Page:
Groundwater Zone CharacteristicsThis is a featured page

The ground itself is divided into different zones based on water content. The unsaturated zone, also known as the vadose zone, consists of downward-flowing water, water that adheres to soil (soil moisture) and rock by capillary action and hydrogen bonding, and air spaces. The saturated zone is the zone in which the name “groundwater” is applied, referring to the complete saturation of pore spaces and fractures in the rock by water in a zone known as the water table. Arguably, any water that is in the ground can be called groundwater, but for our purposes we will refer to any water at and below the water table as groundwater. Water that adheres by capillary action is located just above the water table in a zone called the capillary fringe. At approximately 3000-4000 ft. below ground, there is rarely any water. Even further, at 12000-13000 ft., there is no groundwater. All groundwater is confined primarily to the upper mile of the crust.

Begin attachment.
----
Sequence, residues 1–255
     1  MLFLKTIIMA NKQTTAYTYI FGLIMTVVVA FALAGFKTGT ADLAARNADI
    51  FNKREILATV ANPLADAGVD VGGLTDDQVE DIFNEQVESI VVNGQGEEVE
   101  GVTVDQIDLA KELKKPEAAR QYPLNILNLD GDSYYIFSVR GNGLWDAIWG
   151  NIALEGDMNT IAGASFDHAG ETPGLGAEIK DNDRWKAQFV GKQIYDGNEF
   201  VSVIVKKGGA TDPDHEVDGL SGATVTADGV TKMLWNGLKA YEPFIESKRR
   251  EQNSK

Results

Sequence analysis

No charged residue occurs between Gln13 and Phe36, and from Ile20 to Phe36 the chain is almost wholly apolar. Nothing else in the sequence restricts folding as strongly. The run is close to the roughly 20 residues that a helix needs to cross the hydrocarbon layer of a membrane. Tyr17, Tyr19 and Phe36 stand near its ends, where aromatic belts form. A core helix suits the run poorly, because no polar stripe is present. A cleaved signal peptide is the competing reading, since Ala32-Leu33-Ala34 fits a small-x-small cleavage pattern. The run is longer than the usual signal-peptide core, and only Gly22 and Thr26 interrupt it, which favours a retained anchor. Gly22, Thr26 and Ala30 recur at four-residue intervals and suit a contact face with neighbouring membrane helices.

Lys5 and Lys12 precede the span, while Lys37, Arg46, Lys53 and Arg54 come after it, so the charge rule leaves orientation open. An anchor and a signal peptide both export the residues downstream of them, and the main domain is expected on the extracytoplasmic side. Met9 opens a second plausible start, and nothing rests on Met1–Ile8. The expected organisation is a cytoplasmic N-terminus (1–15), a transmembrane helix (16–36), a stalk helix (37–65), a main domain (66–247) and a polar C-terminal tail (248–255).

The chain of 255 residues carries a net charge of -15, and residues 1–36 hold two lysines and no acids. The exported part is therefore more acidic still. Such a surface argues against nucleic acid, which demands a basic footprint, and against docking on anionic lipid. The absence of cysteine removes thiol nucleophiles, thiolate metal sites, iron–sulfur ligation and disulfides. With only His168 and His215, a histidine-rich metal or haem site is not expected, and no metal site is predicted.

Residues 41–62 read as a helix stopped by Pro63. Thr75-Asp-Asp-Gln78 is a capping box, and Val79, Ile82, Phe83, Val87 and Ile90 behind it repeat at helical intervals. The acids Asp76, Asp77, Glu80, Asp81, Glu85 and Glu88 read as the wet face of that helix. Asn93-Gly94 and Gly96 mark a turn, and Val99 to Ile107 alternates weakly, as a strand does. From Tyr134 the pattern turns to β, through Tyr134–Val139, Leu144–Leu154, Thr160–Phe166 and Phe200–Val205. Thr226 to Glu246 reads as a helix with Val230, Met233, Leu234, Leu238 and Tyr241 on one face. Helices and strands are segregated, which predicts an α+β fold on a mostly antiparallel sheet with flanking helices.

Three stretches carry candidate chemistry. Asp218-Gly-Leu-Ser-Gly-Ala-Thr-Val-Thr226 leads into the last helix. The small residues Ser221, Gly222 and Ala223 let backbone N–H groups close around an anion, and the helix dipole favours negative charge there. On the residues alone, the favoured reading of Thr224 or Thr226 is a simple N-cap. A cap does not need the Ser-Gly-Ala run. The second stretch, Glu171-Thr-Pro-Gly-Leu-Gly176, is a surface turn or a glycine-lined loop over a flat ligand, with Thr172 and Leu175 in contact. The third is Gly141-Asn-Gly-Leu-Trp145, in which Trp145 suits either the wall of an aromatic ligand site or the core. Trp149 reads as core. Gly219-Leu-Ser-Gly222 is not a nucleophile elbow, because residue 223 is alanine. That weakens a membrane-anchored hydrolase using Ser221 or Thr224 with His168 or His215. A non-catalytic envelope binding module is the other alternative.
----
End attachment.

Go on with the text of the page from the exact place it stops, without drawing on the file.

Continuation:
The body of rock that contains exploitable resources of groundwater is known as an aquifer. An aquifer may be unconfined and open to downward water flow or it may be confined by a body of nonporous rock or clay known as a confining layer or an aquiclude.

Common aquifers may consist of sandstone or limestone. Limestone bedrock is prone to developing underground cave systems, lakes, and rivers as a result of weathering by water action. In some cases an underground cave may collapse, leading to devastating sinkholes on the surface. All of these features are a result of the simple action of water flow. This seeming simplicity, however, often results in chaotic behavior.

No user avatar
Latest page update: made by lamontequinn , Feb 15 2008, 8:15 AM EST (about this update About This Update lamontequinn Edited by lamontequinn

9 words added
4 words deleted

view changes

- complete history)
Keyword tags: None
More Info: links to this page
There are no threads for this page.  Be the first to start a new thread.